Famished and Fallen: How God's Hand Disciplines and Saves
Passage: 2 Samuel 21:1–21:22
Famished and Fallen: How God's Hand Disciplines and Saves
2 Samuel 21 is a chapter of highs and lows, a history of suffering and triumph, both of which occur in David’s kingdom. On the one hand, God’s people suffer under a lengthy famine that plagues the land for three years. We live in a country of abundance, so it’s hard for us to appreciate how difficult this would be, but try to imagine going to the grocery store day by day, but there’s simply no bread, no produce to buy. That’s Israel’s affliction in the first fourteen verses. It’s a low point in David’s kingdom.
But on the other hand, that low point suddenly swings to the other end of the spectrum. The famine is followed by triumph, as God’s enemies, the Philistines, repeatedly fall before God’s people. Vv15-22 tell this part of the story, and it’s one victory after another. No one, it seems, can stand against David’s men, not even gigantic thugs armed with new weapons and extra digits. You see, it’s a chapter of highs and lows. God’s people are famished, but then God’s enemies are fallen.
What, then, ties these things together? Is there a thread that unites the highs and lows of David’s kingdom in chapter 21? Yes, there is, and that thread is the hand of God. Did you hear it as we read? At the low point of famine, what was God doing? Disciplining his people. And at the high point, where was the Lord? Saving his people. In other words, none of this is random. None of this is meaningless. In fact, if we were to take away only one thing this morning, I pray it would be this. In every season, both the highs and lows, God is doing something among his people. We may not always see it or understand it or even like it, but the Lord’s work is always purposeful. Before we go any further, brothers and sisters, I want you to hear this truth and let it sink in. Whether it’s famine or triumph, whether it’s the lows or the highs – it all flows from the hand of a sovereign God, and his every intention is doing good to his people. That’s the essential message of 2 Samuel 21 – in the highs and lows, God is at work, and his work is purposeful.
The Mercy of God’s Judgment
Now, with that essential message in view, let’s focus in on the specifics of the chapter. The theme is God’s hand at work among his people, so I’d like to draw your attention to three specific truths that comprise that theme. The first is found in vv1-2, where we see the Mercy of God’s Judgment. As we noted a moment ago, there is a famine in Israel, but v1 indicates this famine is unusually severe. Notice again the length of time in v1 – “Now there was a famine in the days of David for three years, year after year.” You can hear the difficulty in the author’s description. This famine drags on with no end in sight. Year after hungry year, God’s people go without.
Now, of course, you could conclude this famine is simply the product of poor weather patterns and untimely agriculture disasters. Famines happen, we might say, so there is nothing more to note at this point. But, that conclusion would ignore the unique relationship Israel has with the Lord God. Remember, Israel is God’s covenant people here. They belong to him, and their lives are defined by their covenant with the Lord. In fact, if you look back to Deuteronomy, you would find that in this covenant, God held out to Israel either blessings or curses. If the people were faithful, then they and their land would be blessed. But if they were unfaithful, then God warned them that things like disease and pestilence and famine would strike them. You see, for OT Israel, there was no meaning to life apart from their relationship to the Lord God. And that means this crisis in chapter 21 is telling the people something. It’s a famine with a message.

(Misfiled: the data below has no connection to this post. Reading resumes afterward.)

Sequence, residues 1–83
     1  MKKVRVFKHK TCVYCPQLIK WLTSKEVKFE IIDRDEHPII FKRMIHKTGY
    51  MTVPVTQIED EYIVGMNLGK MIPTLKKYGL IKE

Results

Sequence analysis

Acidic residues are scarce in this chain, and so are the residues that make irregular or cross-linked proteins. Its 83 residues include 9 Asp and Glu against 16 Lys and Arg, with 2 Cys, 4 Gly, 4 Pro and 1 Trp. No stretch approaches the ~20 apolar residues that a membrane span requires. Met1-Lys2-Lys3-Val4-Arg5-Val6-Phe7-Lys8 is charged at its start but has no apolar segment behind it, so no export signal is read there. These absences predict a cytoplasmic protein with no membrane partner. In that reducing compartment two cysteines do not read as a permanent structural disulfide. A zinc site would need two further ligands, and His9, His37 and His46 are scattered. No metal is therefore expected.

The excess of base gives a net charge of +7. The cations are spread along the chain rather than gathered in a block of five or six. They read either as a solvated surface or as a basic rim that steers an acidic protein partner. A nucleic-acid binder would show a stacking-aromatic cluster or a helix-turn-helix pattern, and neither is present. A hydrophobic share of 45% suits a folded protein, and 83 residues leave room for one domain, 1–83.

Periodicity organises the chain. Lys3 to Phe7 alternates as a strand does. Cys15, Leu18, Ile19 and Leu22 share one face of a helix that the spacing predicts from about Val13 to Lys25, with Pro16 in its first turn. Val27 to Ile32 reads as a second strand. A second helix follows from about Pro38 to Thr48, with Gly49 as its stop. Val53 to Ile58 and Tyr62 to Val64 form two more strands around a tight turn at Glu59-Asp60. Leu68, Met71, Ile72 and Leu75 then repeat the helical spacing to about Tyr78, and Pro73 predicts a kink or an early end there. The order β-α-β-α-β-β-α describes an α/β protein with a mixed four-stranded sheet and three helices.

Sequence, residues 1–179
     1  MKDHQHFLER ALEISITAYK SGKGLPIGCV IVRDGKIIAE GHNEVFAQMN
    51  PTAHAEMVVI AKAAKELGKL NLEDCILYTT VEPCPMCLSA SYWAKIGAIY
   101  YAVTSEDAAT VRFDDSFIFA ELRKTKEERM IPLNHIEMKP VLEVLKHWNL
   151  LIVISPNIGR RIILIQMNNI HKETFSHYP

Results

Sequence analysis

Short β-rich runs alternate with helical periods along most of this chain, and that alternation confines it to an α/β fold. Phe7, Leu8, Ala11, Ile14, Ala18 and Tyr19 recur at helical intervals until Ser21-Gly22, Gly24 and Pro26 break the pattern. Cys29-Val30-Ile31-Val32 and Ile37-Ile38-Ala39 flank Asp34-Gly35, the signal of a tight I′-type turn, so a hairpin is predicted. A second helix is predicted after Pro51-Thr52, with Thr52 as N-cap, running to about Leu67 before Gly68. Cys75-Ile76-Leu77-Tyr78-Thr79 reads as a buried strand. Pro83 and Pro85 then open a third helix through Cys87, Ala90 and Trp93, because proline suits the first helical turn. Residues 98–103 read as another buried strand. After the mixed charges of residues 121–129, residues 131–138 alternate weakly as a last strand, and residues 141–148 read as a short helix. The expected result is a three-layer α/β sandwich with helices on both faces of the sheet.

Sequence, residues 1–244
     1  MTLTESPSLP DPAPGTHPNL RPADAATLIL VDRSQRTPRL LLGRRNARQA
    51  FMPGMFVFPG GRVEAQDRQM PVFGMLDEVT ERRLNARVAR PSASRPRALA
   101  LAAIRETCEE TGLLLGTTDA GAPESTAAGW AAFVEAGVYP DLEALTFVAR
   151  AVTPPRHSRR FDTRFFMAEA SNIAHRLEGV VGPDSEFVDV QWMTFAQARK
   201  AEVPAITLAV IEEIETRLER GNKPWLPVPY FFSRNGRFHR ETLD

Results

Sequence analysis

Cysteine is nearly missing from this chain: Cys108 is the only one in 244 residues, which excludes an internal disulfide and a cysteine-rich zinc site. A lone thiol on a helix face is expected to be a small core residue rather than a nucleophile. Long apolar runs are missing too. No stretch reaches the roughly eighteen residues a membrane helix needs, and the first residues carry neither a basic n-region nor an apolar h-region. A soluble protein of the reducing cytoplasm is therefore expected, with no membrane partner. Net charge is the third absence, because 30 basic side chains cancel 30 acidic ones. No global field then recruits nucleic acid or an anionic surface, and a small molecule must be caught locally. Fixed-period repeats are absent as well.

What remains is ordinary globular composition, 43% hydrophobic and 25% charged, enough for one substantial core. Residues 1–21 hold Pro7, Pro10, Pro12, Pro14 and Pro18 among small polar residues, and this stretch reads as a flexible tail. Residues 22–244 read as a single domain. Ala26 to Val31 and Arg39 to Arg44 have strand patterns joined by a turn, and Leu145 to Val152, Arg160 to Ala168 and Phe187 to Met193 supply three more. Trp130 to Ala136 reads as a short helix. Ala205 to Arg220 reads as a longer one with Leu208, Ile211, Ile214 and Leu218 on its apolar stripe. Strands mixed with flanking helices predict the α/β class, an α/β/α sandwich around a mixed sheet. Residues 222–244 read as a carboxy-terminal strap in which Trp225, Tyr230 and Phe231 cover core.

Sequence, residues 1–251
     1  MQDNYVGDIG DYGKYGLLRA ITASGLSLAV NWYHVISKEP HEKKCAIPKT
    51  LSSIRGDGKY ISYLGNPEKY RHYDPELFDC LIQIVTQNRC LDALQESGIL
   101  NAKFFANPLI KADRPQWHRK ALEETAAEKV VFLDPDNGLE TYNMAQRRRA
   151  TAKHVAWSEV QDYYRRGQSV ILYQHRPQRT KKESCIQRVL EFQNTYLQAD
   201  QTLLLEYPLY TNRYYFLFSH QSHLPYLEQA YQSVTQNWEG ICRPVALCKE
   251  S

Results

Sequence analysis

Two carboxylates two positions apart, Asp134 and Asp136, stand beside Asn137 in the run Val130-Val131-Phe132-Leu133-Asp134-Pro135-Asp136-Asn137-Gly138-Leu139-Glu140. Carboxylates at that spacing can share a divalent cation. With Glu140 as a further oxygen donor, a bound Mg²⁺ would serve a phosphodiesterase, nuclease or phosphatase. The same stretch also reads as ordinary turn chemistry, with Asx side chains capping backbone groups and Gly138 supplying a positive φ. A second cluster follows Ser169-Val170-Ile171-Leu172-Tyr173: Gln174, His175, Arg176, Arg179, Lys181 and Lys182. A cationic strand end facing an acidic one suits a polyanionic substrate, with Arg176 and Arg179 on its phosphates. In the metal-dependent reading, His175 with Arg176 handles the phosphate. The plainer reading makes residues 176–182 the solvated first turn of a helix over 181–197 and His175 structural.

And King David understands this, which is why he takes the action he does in v1. Notice again the King’s response – “And David sought the face of the LORD.” This is an act of humility on David’s part. He recognizes something is amiss, something is not right. But instead of evading or ignoring or even pretending to have the answer, David humbly casts himself on the Lord. He goes to God in prayer, asking the Lord to deliver his people. It’s a prayer of humility. And it’s also a prayer of faith. By seeking God’s face, David is expressing his trust in God’s goodness. He believes God will hear and will answer. So, with humility and with faith, David seeks the face of God.
And that’s when something small but astonishing happens. Notice the end of v1 – “And the LORD said, ‘There is bloodguilt on Saul and on his house, because he put the Gibeonites to death’.” Now, before we consider why this is so astonishing, we need to clarify what, exactly, God is referring to. The background to this is found in Joshua 9, and v2 of our passage gives us a brief summary. The Gibeonites did not belong to the nation of Israel. They were descendants of the Amorites, the pagan people who inhabited the land before Israel’s conquest. But that’s where it gets interesting. Perhaps you remember the story. During the conquest, the Gibeonites tricked Joshua into making a peace treaty. Israel swore they would not annihilate the Gibeonites, and that promise was cemented in a binding covenant.